Explaining Multi-wavelength Photometric Variability in Young Stellar Objects
Kesseli, Aurora ( Colby College ); Whitney, B. ( University Of Wisconsin - Madison; Space Science Institute ); Wood, K. ( University of St Andrews, United Kingdom ); Plavchan, P. ( California Institute of Technology ); Terebey, S. ( California State Los Angeles ); Stauffer, J. R. ( California Institute of Technology ); Morales-Calderon, M. ( California Institute of Technology ); YSOVAR show affiliations
American Astronomical Society, AAS Meeting #221, id.256.10
Published in Jan 2013
We explore a variety of radiation transfer models to explain multi-wavelength photometric variability of young stellar objects in the Orion Nebula Cluster (Morales-Calderon et al. (2011). Our models include hotspots, warps in the accretion disk, and spiral arms. Variability comes in different types, which have been categorized as periodic or quasi-periodic, narrow or broad dips in the light curves, and rapid flux variations or “wild type” stars. Our models can successfully reproduce these. The optical and near-infrared light curves are sensitive to the stellar variations and obscurations from the circumstellar material. The mid-infrared provides an additional diagnostic because it is sensitive to emission from the inner disk and the inner wall height. Our models make specific predictions as to the shapes and phasing of optical through mid-infrared photometry that can be tested with multi-wavelength time-series data. This work is based in part on observations made with the Spitzer Space Telescope, which is operated by the Jet Propulsion Laboratory, California Institute of Technology under a contract with NASA. Support for this work was provided by NASA through an award issued by JPL/Caltech and was partially supported by the National Science Foundation's REU program through NSF Award AST-1004881.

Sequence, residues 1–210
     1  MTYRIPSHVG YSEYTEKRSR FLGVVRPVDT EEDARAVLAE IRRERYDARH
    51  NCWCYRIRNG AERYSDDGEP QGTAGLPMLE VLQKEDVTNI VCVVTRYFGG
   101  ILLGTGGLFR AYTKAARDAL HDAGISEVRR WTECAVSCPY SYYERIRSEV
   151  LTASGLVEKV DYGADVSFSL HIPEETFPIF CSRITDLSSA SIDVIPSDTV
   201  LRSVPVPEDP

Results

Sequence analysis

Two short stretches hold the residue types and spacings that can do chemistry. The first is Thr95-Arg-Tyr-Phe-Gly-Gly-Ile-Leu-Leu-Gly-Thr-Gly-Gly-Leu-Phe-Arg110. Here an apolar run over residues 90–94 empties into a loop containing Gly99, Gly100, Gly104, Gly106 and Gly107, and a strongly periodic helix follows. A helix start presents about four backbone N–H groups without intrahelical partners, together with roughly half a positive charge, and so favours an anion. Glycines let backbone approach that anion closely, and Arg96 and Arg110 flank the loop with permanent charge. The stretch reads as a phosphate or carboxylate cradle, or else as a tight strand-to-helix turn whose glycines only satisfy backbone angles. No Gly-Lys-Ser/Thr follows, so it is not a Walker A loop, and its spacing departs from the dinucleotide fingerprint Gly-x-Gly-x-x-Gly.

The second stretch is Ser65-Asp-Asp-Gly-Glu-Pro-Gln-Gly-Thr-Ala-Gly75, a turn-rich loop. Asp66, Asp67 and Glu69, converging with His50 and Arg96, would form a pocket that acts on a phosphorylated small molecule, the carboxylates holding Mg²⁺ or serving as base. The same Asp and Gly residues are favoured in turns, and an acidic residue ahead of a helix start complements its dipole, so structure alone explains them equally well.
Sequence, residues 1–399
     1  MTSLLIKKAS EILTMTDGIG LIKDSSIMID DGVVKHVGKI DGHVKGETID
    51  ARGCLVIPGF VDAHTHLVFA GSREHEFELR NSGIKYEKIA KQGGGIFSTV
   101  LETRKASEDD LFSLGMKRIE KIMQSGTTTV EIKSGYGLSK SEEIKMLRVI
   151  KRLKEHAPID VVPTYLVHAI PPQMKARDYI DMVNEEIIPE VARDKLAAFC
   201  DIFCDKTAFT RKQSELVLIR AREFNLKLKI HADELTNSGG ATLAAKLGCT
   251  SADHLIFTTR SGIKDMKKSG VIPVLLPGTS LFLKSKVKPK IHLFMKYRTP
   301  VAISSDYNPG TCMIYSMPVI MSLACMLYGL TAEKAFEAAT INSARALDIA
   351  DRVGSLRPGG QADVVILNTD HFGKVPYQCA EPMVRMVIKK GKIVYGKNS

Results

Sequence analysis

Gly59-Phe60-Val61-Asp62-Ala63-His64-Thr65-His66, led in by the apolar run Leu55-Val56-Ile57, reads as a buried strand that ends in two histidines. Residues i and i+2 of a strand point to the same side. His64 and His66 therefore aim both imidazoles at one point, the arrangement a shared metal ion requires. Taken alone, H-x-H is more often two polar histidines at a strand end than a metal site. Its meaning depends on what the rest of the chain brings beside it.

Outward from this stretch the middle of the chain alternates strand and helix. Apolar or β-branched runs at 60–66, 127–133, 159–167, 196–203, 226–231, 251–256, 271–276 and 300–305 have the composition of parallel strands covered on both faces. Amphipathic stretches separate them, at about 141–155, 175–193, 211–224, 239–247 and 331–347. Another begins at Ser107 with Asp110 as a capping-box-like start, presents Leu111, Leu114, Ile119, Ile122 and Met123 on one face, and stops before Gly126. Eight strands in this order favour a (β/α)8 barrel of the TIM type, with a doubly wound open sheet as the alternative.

(c) 2013: American Astronomical Society